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Tom, Al, and Casy volunteer to stay with the car while the group continues on. Pa... (full context)
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Tom and Al work on fixing the car. Al tries to bring up personal topics, but... (full context)
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To find the replacement part they need, Tom and Al go to a junkyard in town. They find the part, and hang around... (full context)
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...rest of the group at a campsite. The camp proprietor, a local, attempts to charge Tom for sleeping on his property. Tom refuses defiantly, and goes to sleep down the road. (full context)
Chapter 18
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At the river, Pa and Tom encounter a boy and his father, who are returning from California after being unable to... (full context)
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Noah tells Tom that he can no longer go on. He is entranced by the water of the... (full context)
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The Joads prepare to leave quickly, fearing the cops. Tom tells Pa that Noah has left on his own, and Pa blames himself for the... (full context)
Chapter 20
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Tom meets another young man, Floyd Knowles. Floyd tells Tom that the large farms operate by... (full context)
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Floyd tells Tom and Al that he’s heard of work up north in Santa Clara Valley. As the... (full context)
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Seeing Casy give himself up to protect Tom causes Uncle John anguish, and John needs to get drunk to cope with it. Ma... (full context)
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Tom returns to his family. He tells Pa that they need to leave, because the camp... (full context)
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Tom goes to look for Uncle John. Tom discovers his uncle singing hymns off the side... (full context)
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...them to turn around, saying that they don’t want to see Okies in their town. Tom smells alcohol on his breath. Tom turns the car around and tries to stop himself... (full context)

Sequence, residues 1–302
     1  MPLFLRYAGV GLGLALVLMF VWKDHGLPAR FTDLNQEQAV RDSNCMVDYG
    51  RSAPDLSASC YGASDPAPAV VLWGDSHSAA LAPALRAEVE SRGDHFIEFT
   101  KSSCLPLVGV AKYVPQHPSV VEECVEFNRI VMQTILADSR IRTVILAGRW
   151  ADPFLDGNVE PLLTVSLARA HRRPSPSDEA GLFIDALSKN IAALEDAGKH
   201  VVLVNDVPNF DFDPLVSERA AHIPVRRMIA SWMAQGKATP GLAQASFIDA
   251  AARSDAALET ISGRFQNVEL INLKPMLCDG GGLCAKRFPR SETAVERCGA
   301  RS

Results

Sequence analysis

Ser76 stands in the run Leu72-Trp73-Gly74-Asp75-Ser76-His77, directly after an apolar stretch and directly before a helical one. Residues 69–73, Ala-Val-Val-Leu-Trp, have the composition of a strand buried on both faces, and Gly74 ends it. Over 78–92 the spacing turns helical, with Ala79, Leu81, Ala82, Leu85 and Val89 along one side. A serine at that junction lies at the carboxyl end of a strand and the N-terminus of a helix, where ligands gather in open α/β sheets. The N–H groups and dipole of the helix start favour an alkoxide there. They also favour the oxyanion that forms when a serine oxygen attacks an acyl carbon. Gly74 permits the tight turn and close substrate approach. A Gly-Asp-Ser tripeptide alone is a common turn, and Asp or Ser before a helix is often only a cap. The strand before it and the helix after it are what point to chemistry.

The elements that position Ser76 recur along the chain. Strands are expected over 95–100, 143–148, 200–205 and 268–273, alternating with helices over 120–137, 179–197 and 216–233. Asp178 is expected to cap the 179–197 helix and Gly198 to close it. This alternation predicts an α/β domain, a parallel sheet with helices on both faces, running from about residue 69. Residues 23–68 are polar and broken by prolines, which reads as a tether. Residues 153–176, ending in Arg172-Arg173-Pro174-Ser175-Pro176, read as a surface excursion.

Chapter 22
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The Joads arrive at the Weedpatch government camp. A night watchman tells Tom that the government camp has no police presence, as the migrants elect their own police.... (full context)
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Tom has breakfast with Timothy and Wilkie Wallace, who offer to try to get him a... (full context)
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...and Uncle John come home empty-handed: they couldn’t find work. Ma is hopeful, trusting that Tom has found work. (full context)
Chapter 24
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The dance begins. Tom and other young men keep watch for the riot-starters, and they notice three suspicious characters.... (full context)
Chapter 26
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...in poor shape after a month in the government camp. Winfield is very ill, and Tom has been the only man able to find work. Ma Joad insists that they leave... (full context)
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Before the Joads leave, Tom sits with his friends from the Weedpatch camp. Tom concludes that the secret to the... (full context)
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...nearby. On the way to the worksite, Al deliberately runs over a gopher snake, and Tom reprimands him. (full context)
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After nightfall, Tom sneaks out to learn more about the strike outside the compound. He comes across a... (full context)
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Men with flashlights approach Casy and Tom. One of them swings a pick handle at Casy, striking him in the head and... (full context)
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Tom returns to the tent. The next morning, he explains to the entire family what happened... (full context)
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The family moves into a boxcar near a plantation. Tom sets up camp in a culvert nearby, and Ma plans to secretly bring him food. (full context)
Chapter 28
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Winfield tells Ma that Ruthie has told on Tom. Another girl bullied Ruthie and took her Cracker Jack. In response, Ruthie boasted that her... (full context)
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Ma advises Tom to travel far away, and offers him seven dollars to take with him. Tom reveals... (full context)
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On her way back from visiting Tom, a farm owner approaches Ma and offers her work on his cotton plantation. Ma agrees... (full context)